MERIDIAN — With the sun still well below the horizon, Monica Burmeister rolls out of bed, wakes up the kids, pours them cereal and gets them ready for school — all before heading to her freshman classes at Mountain View High School.
Four months ago, Monica’s mother, Spc. Christine Burmeister, headed to Fort Hood, Texas, to train with her fellow Idaho National Guard soldiers for a yearlong deployment to Afghanistan. Since then, Monica, 15, has been helping her father, Richard Burmeister, take care of the family’s other three children, ages 4 through 10.
Richard starts his job as a truck driver for Nagel Beverage Co. at 5 a.m. and is out the door well before the children get ready for school. In the past, this was Christine’s time. She didn’t start her workday until the afternoon, and she would round the kids up for school in the morning. Now, for much of the morning it’s just the four Burmeister children — Kylee, 4, Natasha, 9, DeAnna, 10, and Monica.
On a recent morning, Monica was up at 6:45 a.m., gently shaking Kylee and urging her to wake up. When her younger sisters drag their feet, Monica plays task-master, handing clothes to Kylee, who is determined to stay in her pink pajamas.
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“I’m not getting dressed!” Kylee yelled before gathering her stuffed animals and running away.
Rolling her eyes, Monica said her sisters listen “about 50 percent of the time.” But despite the frustrations, she doesn’t shy away from her roll as fill-in mom.
“I don’t really mind,” she said.
A family friend helps take care of Kylee, who starts kindergarten next year during the day, but the other children must get themselves ready. This bitterly cold February morning ends with Natasha and DeAnna sprinting a block to catch their bus.
Christine Burmeister, 30, joined the Idaho National Guard two years ago to enhance her life, after working 11 years in retail. She missed the 116th Brigade Combat Team’s Iraq deployment because of a hip injury. After intense discussions with her husband and children, she felt it was her duty to volunteer to deploy to Afghanistan with the 1-183rd Aviation Battalion.
She left in October for training, coming back for three weeks of local training recently.
She and Richard are stoic when asked about the effect of the time apart. But this past Tuesday, when Christine prepared to board a bus at Gowen Field that would take her to a waiting plane and away from her family for the next year, the whole family was in tears.
Christine said she tries to talk to her kids every night before they go to bed, but she knows communication won’t be as reliable when she gets to Afghanistan. She drives trucks and various transports for the Guard.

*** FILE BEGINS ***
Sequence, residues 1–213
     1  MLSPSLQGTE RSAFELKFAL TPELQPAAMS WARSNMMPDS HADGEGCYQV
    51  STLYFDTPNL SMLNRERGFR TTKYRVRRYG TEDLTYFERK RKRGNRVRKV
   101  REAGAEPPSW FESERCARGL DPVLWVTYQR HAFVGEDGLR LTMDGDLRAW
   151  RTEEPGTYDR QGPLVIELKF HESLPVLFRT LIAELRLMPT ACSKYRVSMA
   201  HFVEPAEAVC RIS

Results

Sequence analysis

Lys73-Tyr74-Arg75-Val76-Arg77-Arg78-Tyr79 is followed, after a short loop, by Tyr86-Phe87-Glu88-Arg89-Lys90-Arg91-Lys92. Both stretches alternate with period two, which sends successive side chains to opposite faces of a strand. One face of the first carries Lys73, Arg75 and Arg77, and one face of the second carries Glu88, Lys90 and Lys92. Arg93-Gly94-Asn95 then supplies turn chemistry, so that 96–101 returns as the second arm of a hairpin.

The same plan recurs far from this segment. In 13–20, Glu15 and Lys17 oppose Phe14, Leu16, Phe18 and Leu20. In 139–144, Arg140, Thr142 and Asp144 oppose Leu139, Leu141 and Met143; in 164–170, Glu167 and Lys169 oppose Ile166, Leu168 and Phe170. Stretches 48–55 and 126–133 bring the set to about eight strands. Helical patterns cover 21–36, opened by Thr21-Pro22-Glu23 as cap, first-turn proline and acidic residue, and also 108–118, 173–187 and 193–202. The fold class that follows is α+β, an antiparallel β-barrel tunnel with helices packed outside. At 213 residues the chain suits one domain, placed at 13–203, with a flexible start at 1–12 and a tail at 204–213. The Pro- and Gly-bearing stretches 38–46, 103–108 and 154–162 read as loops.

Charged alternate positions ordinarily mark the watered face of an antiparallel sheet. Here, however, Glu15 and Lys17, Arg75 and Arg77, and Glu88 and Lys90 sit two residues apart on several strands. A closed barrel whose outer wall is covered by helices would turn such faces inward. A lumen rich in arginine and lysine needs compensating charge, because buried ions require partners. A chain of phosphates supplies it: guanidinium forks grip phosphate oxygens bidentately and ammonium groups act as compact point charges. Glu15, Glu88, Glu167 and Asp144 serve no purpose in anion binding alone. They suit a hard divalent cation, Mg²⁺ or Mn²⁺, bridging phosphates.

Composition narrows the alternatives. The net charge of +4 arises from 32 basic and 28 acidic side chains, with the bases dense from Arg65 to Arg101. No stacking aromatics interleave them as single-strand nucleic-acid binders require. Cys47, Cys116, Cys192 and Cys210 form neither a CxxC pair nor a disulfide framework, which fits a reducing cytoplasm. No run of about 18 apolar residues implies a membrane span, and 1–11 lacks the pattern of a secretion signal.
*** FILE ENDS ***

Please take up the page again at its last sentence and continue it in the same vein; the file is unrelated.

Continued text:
The deployment has “made me realize, as a parent, that my kids are very, very important and that it’s tough being away from them,” Christine said by phone from Fort Hood.
Richard said he’s glad his wife is doing what she wants to do. The thought of Christine missing a year of their children growing up is emotionally tough, but he knows the drill of military life: His father served with the Navy for 33 years, and he grew up watching his mom adapt to that life.
“I’m used to someone close to me being gone,” he said.
Without Christine, Richard’s daily tasks have doubled. Grocery shopping, paying bills, chauffeuring the kids — he looks tired just reciting the list — but everyone does their chores, and he has a support network. Christine’s sister acts as backup when Monica needs help with certain 15-year-old girl issues, grandma and grandpa help watch the kids, and an understanding boss is flexible with Richard’s busier home life.
The 1-183rd is slated to leave for Afghanistan around the third week of February to fly Apache helicopter missions around that country. Then, the Burmeisters will have the added stress of Christine entering a war zone. The Guard is not releasing their exact deployment location.
Asked if he worries about his wife heading into danger, Richard said, “Yes and no.”
“Yes, I’m scared of her going over there, because ... the area she’s going to is dangerous,” he said. “But no, because there’s a lot of people over there ... who are going to watch over her and not let her get into trouble,” he said.
Contact reporter Heath Druzin at firstname.lastname@example.org or 373-6617.